The future relationship with the European Union

They say a week can be a long time in politics, and certainly the last few weeks have been even more rollercoaster-like than the new normal of British politics since the 2015 general election when I was first elected.

As the Brexit process continues to inch its way forwards, there have been endless discussions and battlegrounds as those for whom Brexit was not their choice fought back against the Prime Minister’s clear red lines which she set in her 2017 Lancaster House speech and which she has robustly stuck to throughout negotiations to date.  Brexiteers have had to compromise, but just about everyone in the Conservative Party, whether they voted leave or remain, agrees that the direct order issued by the British people to their government as a result of the referendum on 23rd June 2016 must be delivered.

So the Prime Minister set out very firmly her 4 red lines – that we should take back control of our borders, of our laws, our money and be free from European court jurisdiction.  She set out immediately a generous spirited solution for British citizens living abroad and EU citizens living in the UK, and was clear that security relationships were too important to become a bargaining chip. Her whole tone and direction was one of wanting sincere cooperation and constructive and respectful engagement.

Now perhaps one of the reasons why I am a Brexiteer is that I have always found the attitude of the EU to be dominating and inconsiderate, and to show a lack of respect to nation states.  The EU project has moved from a Common Market (when we joined up) towards a political union whose eventual goal is a single state of Europe. I don’t believe that such a project is actually possible to achieve with the cultural and economic variabilities amongst European countries.  Standardisation for economic mutual advantage has proven to have merit within the fortress walls of the EU, but to the detriment of those outside wishing to trade, and indeed in ensuring inflated prices for EU citizens which cannot be reduced - so business inside the fortress does well, but the poorest, inside and out, suffer from inflated costs.

 The trigger to start the UK’s departure from the EU was set when MPs voted – by a majority of 384! - to trigger Article 50, the start of the 2 year departure window. This meant we have two years to sort out the logistics and new arrangements of the future relationship we wish to have with the EU after we have left.  This was always going to be a huge exercise, because the whole of Government has got to get into a new gear, new systems into place, business logistics designed and sorted out.
In my opinion, there has been a lack of focus on some of these areas of preparation from some quarters, and this has, quite understandably, made the business community nervous as to whether all the right systems would be in place in time for the 29 March 2019 deadline.

So I was very pleased to hear the Prime Minister confirm in her Chequers communique last Friday that she understands that being prepared for any outcome is vital.  She stated very clearly that preparedness must be stepped up immediately so that would safely take the WTO route if necessary.  Being genuinely prepared for a WTO outcome is the sign of a leader planning ahead.  Having an insurance policy to fall back on, just in case a fuller deal is not ready, is absolutely imperative.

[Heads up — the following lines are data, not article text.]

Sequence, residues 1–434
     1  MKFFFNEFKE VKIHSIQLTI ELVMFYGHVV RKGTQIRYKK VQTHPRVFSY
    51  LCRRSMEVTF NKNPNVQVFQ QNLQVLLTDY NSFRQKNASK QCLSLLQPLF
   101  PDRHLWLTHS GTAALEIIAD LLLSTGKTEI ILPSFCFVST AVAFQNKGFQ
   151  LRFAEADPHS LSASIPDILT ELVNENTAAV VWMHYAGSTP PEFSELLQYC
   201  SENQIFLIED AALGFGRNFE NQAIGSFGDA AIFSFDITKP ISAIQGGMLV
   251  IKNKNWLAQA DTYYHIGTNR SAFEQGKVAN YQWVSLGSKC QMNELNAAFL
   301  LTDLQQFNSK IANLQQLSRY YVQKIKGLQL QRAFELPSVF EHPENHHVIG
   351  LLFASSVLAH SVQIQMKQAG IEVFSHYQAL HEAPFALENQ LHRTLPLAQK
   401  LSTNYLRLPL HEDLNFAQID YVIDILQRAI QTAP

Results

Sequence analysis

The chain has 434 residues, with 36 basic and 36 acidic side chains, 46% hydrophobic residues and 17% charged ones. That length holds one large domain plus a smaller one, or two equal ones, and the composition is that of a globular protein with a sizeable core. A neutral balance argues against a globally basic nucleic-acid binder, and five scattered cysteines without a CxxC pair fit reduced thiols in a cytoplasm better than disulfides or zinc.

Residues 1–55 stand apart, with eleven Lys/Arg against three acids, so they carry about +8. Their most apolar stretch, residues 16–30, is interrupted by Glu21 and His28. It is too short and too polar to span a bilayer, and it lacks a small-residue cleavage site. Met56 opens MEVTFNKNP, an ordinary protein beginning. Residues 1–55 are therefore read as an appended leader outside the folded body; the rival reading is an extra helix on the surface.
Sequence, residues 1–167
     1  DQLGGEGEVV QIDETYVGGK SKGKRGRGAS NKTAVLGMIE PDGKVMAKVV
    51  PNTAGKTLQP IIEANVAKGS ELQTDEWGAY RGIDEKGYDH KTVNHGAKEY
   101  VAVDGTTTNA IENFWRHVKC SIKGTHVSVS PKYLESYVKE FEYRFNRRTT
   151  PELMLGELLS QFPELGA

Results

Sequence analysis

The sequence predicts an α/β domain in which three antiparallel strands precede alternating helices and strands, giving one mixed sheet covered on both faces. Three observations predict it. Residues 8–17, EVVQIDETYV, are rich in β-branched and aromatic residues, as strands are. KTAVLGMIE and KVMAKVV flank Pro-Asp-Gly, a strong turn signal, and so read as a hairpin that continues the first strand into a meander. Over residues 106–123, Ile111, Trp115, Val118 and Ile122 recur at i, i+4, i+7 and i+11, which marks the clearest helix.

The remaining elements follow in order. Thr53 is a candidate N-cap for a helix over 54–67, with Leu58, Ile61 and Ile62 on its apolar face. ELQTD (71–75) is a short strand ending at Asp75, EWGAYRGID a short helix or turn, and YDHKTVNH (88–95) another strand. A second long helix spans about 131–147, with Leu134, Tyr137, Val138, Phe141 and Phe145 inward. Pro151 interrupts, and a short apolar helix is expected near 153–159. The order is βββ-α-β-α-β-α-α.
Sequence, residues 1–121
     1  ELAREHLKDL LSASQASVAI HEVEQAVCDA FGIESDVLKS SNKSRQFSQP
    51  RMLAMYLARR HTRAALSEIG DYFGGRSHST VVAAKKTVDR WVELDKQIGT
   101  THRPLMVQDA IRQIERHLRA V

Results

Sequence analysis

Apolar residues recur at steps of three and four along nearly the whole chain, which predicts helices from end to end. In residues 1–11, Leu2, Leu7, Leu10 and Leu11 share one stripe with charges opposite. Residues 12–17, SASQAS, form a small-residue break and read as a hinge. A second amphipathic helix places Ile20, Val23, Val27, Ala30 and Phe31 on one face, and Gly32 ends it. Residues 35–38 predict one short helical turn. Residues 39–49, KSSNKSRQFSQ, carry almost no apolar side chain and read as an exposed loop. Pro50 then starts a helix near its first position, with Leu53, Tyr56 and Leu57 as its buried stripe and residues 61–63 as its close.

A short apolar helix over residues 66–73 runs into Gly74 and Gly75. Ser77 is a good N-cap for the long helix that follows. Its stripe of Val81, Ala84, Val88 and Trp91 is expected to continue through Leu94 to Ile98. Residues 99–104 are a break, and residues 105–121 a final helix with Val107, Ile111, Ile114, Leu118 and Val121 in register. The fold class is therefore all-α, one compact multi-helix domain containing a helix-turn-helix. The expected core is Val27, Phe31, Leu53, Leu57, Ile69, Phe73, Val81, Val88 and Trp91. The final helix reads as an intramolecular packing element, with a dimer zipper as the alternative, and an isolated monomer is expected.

The Prime Minister’s Chequers discussions also set out her White Paper proposals, which have now been published.  A white paper is the start of the process of legislation, and this is the opening salvo for the deal which the PM hopes to strike with the EU to cement our trading and other policy areas relationship going forwards post-Brexit.  I have some concerns as to whether this first offer to the EU can actually achieve what the British electorate voted for, and that it seems to give up on red lines which the PM set so clearly and continues to reiterate. But the reality is that the EU also has its own red lines, or pillars, which are the beating heart of the European Union.  These are four indivisible principles of free movement of goods, services, capital and labour.  They have always been clear that if we plan to stop free movement, then single market access of any sort would be impossible, for instance.

I believe that the present white paper is only the start of the process of coming to a final deal which can respect the UK’s red lines and the EU’s four pillars, and find a new mutually beneficial direction whilst the UK looks out once again to a global trading perspective. Whatever the final deal looks like, there must be reciprocity and a fair and positive relationship framework for the new post-Brexit world we will be trading in.   And if no deal can be achieved which works for everyone before we leave, then the PM will have made certain that the UK is prepared to leave in March 2019 on WTO terms. No doubt if that were to be the outcome, the discussions for a free trade deal with the EU post-Brexit would continue. It is worth remembering that a trade deal is note necessary for trade to take place. Trading is between a willing buyer and seller – and international rules underwrite that.

I want the United Kingdom to have a long-term positive relationship with our EU neighbours far into the future – and as I always say to everyone, we are only leaving the political union of the EU, not the continent of Europe!